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Explorer’s Circle

Welcome to the SPEE3D blog.

Redefining Manufacturing: Putting High Speed Printing into Practice

In our second post of the series, we explained general metal 3D printing and introduced you to supersonic 3D deposition, our brand-new technology. But, why is high speed 3D metal printing important and what are we achieving?

Our vision is to enable people to innovate quicker and to develop new products with less risk. Manufacturing is a difficult business and cost, time, and resource pressure drive decision making. As engineers, we are told to be innovative on one hand, but at the same time we are asked to deliver new products now and at low cost.

Traditionally, to take a metal part from design to a cast part takes 10-16 weeks as there are many steps involved. High speed metal 3D printing solves this. In the same time it takes to call to ask for a quote to cast a part, you can print it. The same day, you can modify the design if it is not correct and also print 100 more parts – all being done economically.

The potential in disruptive change needs multiple pairs of eyes and sometimes bolts away unexpectedly. One of our clients thought of using the machine to produce prototype car parts, where only a few parts are required – essentially short run custom built parts. Another customer is planning on installing the printer at a remote site and replacing wearing parts when required.

Other companies require the printer for backup at large production facilities or sites. Huge stocks of parts are currently kept in case vital parts in vital pieces of production equipment fail. A single broken part can cost millions of dollars per day in lost production and the ability to manufacture the part when required results in a vast reduction of spare parts.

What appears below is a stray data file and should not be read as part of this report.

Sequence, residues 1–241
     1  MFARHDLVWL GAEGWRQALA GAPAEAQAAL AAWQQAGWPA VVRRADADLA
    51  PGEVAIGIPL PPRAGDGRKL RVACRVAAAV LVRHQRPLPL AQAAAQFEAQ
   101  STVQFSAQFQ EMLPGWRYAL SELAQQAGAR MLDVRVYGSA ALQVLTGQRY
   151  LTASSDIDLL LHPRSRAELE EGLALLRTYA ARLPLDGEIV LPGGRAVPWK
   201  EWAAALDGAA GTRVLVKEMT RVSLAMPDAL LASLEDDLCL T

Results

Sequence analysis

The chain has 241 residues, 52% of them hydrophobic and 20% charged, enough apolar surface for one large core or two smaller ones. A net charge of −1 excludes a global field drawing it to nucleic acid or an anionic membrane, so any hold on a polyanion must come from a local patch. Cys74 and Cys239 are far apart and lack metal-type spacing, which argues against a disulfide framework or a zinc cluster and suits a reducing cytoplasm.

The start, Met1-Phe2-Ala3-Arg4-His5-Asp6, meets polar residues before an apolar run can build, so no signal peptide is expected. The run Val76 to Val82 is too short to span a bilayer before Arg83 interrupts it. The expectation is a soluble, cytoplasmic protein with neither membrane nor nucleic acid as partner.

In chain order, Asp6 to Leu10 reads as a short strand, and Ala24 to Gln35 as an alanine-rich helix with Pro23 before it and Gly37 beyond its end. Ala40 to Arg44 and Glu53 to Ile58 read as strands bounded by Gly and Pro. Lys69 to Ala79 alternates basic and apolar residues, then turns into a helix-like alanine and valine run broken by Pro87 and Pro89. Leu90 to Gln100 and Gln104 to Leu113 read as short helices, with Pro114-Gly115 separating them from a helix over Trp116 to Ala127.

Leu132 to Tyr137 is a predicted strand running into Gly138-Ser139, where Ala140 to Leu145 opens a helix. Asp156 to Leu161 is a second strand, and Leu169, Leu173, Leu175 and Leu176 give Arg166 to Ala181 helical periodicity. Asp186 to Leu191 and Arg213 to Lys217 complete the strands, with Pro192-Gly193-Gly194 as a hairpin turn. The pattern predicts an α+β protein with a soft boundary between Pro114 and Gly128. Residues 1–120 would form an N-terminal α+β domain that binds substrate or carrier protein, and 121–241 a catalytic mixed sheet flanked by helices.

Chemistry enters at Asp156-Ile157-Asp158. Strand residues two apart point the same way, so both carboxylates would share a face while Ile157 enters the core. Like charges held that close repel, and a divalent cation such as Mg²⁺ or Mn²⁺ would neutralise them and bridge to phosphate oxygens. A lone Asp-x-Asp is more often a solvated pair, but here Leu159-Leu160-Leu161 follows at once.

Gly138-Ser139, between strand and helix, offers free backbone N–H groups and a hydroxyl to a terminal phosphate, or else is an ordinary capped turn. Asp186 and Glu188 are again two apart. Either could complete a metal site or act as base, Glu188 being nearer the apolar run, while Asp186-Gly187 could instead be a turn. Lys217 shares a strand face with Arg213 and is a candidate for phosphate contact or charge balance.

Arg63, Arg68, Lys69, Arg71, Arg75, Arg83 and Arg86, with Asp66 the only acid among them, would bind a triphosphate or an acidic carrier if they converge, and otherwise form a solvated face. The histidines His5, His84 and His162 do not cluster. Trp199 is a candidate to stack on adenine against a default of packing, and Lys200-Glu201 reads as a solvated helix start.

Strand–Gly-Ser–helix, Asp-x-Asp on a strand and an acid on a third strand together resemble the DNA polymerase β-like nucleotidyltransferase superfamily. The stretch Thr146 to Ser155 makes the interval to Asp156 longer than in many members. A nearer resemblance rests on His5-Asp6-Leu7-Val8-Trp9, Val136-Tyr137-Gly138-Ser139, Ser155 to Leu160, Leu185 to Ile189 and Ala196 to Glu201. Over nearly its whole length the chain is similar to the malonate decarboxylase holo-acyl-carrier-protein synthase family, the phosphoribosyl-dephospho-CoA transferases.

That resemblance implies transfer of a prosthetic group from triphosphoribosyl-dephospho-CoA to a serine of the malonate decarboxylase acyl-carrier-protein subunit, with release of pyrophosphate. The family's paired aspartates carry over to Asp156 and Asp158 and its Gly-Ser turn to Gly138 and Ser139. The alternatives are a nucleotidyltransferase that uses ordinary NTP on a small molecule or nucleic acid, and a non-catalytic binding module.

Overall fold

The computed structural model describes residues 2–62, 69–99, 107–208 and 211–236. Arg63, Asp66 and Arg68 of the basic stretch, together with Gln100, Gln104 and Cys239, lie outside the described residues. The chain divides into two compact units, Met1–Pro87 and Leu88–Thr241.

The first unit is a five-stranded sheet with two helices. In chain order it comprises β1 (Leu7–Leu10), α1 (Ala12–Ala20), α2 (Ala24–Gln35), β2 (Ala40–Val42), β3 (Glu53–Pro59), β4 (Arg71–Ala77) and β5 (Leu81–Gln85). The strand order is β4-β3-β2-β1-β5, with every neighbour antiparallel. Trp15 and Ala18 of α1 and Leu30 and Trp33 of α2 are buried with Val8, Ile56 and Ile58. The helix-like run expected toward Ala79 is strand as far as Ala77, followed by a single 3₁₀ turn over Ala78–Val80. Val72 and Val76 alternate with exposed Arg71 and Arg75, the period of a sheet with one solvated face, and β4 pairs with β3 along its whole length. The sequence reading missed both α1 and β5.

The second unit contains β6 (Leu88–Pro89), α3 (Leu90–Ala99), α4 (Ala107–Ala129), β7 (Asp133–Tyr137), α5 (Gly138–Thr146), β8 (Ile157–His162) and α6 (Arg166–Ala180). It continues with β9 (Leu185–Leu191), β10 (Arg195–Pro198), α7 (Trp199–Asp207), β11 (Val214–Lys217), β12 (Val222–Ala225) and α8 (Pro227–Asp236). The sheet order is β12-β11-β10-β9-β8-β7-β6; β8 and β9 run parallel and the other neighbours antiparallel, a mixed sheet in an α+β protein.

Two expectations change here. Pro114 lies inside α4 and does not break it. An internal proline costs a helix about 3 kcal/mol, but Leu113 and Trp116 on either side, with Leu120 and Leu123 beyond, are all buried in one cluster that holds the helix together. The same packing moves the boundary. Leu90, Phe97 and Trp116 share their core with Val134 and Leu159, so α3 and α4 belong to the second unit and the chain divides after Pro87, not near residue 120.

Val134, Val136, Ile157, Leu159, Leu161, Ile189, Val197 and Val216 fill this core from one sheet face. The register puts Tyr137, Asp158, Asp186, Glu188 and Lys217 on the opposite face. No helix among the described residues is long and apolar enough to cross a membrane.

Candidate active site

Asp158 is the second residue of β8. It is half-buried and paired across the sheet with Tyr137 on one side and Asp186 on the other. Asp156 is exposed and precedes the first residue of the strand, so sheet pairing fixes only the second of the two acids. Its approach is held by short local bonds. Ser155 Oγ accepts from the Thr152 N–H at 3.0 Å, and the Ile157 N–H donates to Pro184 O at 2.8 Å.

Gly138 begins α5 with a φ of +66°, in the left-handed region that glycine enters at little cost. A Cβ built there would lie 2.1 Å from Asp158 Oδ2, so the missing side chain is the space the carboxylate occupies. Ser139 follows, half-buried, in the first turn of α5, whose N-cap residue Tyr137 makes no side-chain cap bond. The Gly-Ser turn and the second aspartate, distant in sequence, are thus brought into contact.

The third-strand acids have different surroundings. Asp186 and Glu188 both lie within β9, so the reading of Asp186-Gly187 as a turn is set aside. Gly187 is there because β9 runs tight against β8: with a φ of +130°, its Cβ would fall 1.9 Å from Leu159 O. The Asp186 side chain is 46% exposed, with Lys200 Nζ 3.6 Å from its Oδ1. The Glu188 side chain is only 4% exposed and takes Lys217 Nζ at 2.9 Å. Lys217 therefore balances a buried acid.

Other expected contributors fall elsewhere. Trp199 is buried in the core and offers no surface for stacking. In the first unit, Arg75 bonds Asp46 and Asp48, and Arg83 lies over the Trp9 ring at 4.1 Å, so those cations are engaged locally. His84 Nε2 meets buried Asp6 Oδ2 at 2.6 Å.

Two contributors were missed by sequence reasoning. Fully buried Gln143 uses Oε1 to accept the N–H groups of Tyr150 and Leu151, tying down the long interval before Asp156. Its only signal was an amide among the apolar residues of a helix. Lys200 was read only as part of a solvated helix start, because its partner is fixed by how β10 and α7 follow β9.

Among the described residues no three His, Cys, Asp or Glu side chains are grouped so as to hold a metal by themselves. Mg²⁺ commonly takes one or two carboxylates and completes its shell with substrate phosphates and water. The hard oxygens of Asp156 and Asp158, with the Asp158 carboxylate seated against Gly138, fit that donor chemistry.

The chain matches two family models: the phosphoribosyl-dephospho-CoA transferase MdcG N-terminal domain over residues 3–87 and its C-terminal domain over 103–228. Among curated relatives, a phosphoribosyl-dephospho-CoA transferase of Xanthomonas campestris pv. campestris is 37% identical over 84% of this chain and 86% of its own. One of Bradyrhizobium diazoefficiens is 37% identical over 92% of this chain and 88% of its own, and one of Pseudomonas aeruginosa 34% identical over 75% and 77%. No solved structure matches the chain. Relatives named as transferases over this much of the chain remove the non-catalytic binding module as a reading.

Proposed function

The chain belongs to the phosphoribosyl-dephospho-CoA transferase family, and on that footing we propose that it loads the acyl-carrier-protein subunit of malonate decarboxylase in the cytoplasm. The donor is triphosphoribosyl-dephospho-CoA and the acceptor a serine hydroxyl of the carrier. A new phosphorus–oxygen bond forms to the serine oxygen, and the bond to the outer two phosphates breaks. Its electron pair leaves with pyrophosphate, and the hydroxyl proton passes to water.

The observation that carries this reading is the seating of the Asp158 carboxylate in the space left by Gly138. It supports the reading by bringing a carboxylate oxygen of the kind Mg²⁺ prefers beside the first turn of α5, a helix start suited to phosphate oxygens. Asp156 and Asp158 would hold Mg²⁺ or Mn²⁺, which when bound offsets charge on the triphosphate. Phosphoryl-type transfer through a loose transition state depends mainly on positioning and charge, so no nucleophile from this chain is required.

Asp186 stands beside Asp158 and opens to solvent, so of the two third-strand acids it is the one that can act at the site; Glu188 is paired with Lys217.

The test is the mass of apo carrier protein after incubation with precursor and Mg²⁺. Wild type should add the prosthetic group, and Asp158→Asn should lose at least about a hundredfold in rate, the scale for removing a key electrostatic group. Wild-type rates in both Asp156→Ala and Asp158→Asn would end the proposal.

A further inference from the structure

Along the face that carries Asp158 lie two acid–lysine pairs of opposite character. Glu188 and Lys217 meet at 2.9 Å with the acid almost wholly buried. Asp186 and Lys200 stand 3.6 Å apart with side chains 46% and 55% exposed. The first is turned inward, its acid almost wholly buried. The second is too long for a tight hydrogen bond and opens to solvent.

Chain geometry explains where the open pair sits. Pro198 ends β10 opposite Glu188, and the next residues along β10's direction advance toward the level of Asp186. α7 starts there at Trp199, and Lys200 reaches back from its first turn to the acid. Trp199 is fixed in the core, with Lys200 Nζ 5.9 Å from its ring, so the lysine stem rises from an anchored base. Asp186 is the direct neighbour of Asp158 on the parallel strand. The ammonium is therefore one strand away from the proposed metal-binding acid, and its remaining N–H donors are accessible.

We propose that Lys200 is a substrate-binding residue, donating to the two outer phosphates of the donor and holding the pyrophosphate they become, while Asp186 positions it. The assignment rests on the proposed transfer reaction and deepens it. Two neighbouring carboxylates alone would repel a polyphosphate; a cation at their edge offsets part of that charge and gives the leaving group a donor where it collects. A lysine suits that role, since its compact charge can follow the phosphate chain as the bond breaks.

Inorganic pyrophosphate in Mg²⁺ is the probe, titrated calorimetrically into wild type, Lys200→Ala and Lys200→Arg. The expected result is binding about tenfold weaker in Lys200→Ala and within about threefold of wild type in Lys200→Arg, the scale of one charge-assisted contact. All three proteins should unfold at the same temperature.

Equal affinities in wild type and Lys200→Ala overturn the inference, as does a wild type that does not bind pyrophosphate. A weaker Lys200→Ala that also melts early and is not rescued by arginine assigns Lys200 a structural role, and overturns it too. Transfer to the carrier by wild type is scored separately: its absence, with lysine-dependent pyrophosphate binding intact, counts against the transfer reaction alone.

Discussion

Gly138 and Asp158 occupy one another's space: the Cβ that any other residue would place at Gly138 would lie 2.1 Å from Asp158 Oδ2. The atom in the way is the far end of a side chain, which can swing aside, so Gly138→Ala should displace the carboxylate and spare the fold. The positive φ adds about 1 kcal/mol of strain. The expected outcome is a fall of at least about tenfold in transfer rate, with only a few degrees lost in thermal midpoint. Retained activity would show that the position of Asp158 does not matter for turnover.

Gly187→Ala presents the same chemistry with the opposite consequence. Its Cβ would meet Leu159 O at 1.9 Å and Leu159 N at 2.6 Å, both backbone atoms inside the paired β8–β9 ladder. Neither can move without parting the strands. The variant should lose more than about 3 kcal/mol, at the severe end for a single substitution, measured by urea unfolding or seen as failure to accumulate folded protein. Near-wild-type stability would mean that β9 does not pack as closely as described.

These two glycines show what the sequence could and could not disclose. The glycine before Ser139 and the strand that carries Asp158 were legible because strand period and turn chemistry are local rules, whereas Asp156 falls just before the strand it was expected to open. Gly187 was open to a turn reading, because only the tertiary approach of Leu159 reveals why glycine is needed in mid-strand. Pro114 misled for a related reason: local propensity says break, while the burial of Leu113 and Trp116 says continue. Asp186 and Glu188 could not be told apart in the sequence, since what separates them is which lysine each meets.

We are most excited however at the possibility of the printer being used on the production floor. At the start of a shift, a production worker programs the machine – 10 of part A, 50 of part B, 30 of part C. The printer builds the parts and a mill is then used to finish high tolerance features. The next production shift could be different parts, different volumes or different materials depending on the need. Thinking ahead, this process could be via automation using industry 4.0.

We didn’t think of these applications on our own as true disruption needs the eye of the outsider to see the possibilities. The key is enabling people to innovative quicker, develop quicker, and ultimately succeed.

This three-part series has explored the history of the manufacturing industry including the invention of paper and the philosophy of change. The belief that change is vital has carried on into today’s vision of manufacturing, particularly with metal 3D printing. The need for continuous innovation and evolution will ensure that this space is at the forefront of change.